There have been 18 military coups d’etat in Thailand, of which 12 were successful, since 1932 when Phraya Pahol Polpayuhasena, leader of the People’s Party, led a group of military and police officers and civilians to proclaim the establishment of democracy in Thailand.
The latest, of course, took place in 2014 with the overthrow of the democratically elected government of Yingluck Shinawatra by Gen. Prayuth Chan-ocha, who presently holds a dual position as junta leader and prime minister. Although Thailand ranks fourth in the world in the number of coups, trailing Sudan with 31, followed by Iraq and Bolivia, military coups are deeply ingrained in the Thai psyche and tolerated by some Thais, particularly the elite and urban middle class.
What sets the Thai coups apart from the coups in other countries is their variety, sophistry and creativity. In what is considered a variation to the classic military coups, we have had “silent coups” in which street mobs were employed by opposition parties with the connivance of the military in lieu of raw military force, and ”self-inflicted coups” perpetrated by the military government in power to rid itself of democratic and dissenting elements within the government apparatus.
However, what is at work at the moment is a new model, a “permanent coup” designed to span more than 20 years, elections or no elections. In March, the junta laid out a plan under which any future civilian government would be “legally bound” to follow its two-decade “masterplan that would outline six “strategic areas including security, competitiveness enhancement, human resource development, social equality, green growth and rebalancing and public-sector development. Not unnaturally for this version of the junta, “national security” is the key focus.
The present junta considers the 2006 military coup which unseated the popular government of Thaksin Shinawatra to be a “wasted coup” because the then-junta leader allowed a general election to take place without instituting adequate safeguards to prevent the recurrence of a government committed to a genuine democratic process, an anathema to the military-cum-elite establishment. With such hindsight, the present junta has devoted more time to crafting a constitution to guarantee the continuance of the junta’s power after the election, to make sure it won’t happen again.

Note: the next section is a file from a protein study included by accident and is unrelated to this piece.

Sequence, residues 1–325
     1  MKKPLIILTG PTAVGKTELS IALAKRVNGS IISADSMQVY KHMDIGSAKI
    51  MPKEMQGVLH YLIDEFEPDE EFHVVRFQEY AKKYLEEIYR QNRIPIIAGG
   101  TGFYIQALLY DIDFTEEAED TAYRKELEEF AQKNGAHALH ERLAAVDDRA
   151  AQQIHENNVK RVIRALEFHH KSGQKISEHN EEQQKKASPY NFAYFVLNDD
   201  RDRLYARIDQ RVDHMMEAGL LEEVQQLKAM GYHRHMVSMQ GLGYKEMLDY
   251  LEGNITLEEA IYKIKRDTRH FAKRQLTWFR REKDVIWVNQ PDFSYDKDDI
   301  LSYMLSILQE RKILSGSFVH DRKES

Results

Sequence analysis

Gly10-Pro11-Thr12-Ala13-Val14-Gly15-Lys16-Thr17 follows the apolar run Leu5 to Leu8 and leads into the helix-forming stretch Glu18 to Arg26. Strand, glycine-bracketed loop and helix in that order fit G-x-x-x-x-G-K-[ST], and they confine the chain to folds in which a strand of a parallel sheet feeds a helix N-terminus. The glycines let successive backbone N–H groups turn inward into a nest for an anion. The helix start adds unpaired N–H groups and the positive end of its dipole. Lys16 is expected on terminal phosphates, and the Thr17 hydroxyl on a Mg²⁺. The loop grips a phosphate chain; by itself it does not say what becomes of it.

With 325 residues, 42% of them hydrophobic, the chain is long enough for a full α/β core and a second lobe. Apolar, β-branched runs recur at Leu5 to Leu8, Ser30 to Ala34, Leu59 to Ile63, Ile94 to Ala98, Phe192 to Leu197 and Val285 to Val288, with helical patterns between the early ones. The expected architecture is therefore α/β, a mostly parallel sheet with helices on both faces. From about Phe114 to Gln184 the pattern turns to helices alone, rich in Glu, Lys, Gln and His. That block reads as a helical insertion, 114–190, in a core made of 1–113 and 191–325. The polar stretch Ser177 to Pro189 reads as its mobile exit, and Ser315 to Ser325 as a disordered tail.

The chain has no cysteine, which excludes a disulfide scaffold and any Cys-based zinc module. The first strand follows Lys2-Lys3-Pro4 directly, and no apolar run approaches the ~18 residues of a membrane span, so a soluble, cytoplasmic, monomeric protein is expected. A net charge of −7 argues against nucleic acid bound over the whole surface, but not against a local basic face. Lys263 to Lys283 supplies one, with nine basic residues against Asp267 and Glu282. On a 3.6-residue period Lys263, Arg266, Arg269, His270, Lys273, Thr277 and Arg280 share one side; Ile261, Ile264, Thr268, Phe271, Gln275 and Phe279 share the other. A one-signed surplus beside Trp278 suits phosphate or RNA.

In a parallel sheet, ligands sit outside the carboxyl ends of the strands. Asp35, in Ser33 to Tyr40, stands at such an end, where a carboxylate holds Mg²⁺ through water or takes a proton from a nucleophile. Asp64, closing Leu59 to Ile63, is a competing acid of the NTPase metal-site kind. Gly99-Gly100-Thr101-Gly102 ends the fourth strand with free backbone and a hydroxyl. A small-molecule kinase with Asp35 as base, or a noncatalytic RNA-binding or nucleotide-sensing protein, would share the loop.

The new constitution contains many novel but undemocratic features such as wholly appointed senators, an unelected prime minister, and a bizarre and complicated proportional system designed to limit the power of the politicians, weaken established political parties and marginalize the power of the people. The new charter also violates the principle of checks and balances by ceding disproportionate power to the judicial branch and so-called independent organs that actually are under the control of the junta.
Democracy’s Fate Sealed
On July 6, the fate of democracy was finally sealed with the rubber-stamp approval by the junta-appointed national legislative assembly that functions as the parliament by a vote of 179 to 0. The deliberation lasted only an hour before the vote was called, an exceptionally amazing feat which should an envy of the US lawmakers in Congress.
Once it receives the expected royal endorsement, a drafting panel will prepare a master plan for six strategic areas encompassing national security, good governance, as well as economic and social matters. When in force, all government agencies and public organizations must comply with the 20-year master plan, including budget allocation. Compliance will be monitored by the national strategy committee.
If the government is guilty of what the military considers to be malfeasance, the prime minister and concerned cabinet members can face suspension from public office or expulsion. In addition, the junta-appointed senators will also monitor the compliance. Although the 20-year strategy is to be reviewed every five years, any changes to the strategy will be difficult and are subjected to prior parliamentary review.
Since the junta’s 20-year vision has the force of law, it may be construed as an instrument of a “silent coup” which enables the military to force the duly elected civilian government to carry out the policy previously dictated by the junta under the threat of expulsion without resorting to deploying the tanks. In short, it is an instrument to legally bring down a government without resorting to a classic military coup as has been the case so many times over the past eight-plus decades.